NPPA Exempts Meril Life Science’s Stents From Price Control For Five Years
An Intracoronary Stent Procedure in progress. (Photographer: Ron Antonelli/Bloomberg) 

NPPA Exempts Meril Life Science’s Stents From Price Control For Five Years

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The national pharmaceutical regulator NPPA has exempted a new coronary stent developed by Meril Life Sciences from price control for five years under a provision of the Drug Price Control Order 2013.

The company said in a statement that it has got exemption for its product MeRes100TM BRS-Sirolimus eluting bioabsorbable vascular scaffold system from the National Pharmaceutical Pricing Authority. It plans to start commercial production of the product in a couple of months.

The Authority decided that exemption may be granted to Meril Life Sciences Pvt. Ltd. under para 32 (ii) of DPCO 2013 for their coronary stents ‘MeRes 100 - Sirolimus eluting bioabsorbable vascular scaffold system’ as per the recommendation made by the multidisciplinary committee of experts,” the NPPA said in minutes of its meeting.

The authority also directed the Drug Controller General of India to ensure close safety monitoring of the coronary stents that have been exempted in public interest, as per the minutes of the meeting held on Feb. 25.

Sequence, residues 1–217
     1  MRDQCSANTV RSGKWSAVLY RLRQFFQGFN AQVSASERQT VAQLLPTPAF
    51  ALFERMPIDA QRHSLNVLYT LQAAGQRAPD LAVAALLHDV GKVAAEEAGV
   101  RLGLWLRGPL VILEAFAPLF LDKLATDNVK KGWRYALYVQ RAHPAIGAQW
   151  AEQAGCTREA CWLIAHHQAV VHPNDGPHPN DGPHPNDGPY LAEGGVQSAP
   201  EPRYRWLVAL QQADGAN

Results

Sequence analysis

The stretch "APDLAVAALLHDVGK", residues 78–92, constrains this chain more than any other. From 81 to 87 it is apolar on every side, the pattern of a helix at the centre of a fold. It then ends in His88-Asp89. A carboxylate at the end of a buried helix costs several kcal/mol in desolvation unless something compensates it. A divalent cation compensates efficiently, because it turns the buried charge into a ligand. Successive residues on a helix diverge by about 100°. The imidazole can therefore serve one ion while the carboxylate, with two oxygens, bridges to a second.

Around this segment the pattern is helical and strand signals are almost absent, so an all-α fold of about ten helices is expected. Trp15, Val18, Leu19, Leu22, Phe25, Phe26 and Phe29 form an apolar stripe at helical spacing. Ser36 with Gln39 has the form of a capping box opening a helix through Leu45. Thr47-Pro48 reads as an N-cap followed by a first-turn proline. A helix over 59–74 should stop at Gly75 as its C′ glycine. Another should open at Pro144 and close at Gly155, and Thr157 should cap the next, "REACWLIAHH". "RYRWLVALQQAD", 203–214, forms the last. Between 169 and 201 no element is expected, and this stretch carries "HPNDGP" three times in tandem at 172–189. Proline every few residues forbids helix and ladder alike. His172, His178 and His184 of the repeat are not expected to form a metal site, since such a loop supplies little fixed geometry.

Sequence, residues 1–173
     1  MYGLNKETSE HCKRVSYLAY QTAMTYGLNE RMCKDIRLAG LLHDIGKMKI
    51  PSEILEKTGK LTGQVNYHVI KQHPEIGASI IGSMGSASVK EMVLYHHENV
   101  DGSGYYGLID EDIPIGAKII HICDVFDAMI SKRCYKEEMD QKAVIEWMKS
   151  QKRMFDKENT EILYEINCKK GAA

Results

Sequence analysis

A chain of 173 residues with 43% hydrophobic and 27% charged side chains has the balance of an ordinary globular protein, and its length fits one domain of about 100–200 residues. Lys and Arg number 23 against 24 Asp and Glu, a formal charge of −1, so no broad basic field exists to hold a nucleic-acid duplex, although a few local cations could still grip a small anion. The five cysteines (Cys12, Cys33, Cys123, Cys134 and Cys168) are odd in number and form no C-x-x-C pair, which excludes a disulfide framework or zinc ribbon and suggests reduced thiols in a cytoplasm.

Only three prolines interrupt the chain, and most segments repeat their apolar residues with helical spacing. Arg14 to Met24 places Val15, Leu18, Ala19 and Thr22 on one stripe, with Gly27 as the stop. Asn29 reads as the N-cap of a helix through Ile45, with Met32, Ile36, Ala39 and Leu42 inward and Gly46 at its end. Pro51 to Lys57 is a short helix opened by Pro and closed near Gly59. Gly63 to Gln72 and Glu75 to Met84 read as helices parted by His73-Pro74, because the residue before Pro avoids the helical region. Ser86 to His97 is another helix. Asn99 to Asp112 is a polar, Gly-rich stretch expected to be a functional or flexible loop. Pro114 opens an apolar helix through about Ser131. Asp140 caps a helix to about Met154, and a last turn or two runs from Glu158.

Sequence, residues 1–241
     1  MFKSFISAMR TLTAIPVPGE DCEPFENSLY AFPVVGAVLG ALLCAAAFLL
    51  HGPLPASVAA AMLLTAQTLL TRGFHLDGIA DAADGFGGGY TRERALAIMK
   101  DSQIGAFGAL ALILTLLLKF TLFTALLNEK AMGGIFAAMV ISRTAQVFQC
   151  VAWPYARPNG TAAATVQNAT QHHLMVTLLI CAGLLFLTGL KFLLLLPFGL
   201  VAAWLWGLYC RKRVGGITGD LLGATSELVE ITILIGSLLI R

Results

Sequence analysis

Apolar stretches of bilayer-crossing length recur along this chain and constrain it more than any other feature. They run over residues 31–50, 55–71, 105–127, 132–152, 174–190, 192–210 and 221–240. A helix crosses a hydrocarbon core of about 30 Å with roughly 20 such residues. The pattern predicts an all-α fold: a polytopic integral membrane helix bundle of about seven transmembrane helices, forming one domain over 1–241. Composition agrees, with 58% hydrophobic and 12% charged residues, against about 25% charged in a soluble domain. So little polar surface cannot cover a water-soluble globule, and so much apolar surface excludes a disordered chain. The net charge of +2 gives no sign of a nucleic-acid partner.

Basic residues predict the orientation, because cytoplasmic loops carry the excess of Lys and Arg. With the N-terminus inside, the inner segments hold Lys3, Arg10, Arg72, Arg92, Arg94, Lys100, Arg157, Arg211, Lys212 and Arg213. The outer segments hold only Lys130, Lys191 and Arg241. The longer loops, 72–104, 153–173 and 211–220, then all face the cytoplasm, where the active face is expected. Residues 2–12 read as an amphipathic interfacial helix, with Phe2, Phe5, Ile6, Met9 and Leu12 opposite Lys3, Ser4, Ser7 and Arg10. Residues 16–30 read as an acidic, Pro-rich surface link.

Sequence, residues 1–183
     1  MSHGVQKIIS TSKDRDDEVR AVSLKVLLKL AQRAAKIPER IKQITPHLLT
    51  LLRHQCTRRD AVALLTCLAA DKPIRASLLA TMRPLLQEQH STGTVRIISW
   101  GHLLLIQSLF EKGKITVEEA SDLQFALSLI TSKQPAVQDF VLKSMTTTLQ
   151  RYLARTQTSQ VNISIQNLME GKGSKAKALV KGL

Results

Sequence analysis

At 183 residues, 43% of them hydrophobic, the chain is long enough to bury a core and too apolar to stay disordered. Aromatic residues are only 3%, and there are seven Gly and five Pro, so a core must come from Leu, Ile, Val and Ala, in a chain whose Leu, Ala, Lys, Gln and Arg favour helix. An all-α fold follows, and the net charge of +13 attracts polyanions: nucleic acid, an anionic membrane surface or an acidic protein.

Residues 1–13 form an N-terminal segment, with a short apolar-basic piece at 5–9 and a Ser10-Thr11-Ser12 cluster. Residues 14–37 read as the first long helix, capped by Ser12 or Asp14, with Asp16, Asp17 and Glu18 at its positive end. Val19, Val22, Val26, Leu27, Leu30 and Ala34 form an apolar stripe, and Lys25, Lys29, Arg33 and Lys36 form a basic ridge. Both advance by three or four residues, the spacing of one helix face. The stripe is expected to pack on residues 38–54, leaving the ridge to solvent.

The government had in 2017 had slashed the prices of life-saving coronary stents by up to 85 percent.

Sanjeev Bhatt, vice president of the company’s corporate strategy, told PTI: “The positive decision by NPPA confirming non-applicability of DPCO 2013 under Para 32 for MeRes100 BRS, made post an exhaustive multi-stakeholder review, demonstrates the commitment of the Indian Government to encourage not only ‘Make in India’, but also Research in India.”

MeRes100 BRS is backed by three-year efficacy and safety clinical trial data, and has received eight patents worldwide, he added.

“We are committed to introducing MeRes100 BRS in India and the world responsibly by undertaking a range of measures to ensure effective access and right use, including conducting a 2,000-patient large scale randomized study, building 1,000-patient Indian and global patient registries and ongoing education of interventional cardiologists,” Bhatt said.

Under para 32 (ii) of the DPCO 2013, the provisions of DPCO 2013 order shall not apply to “a manufacturer producing a new drug in the country by a new process developed through indigenous Research and Development and patented under the Indian Patent Act, 1970 (39 of 1970) (process patent) for a period of five years from the date of the commencement of its commercial production in the country”.

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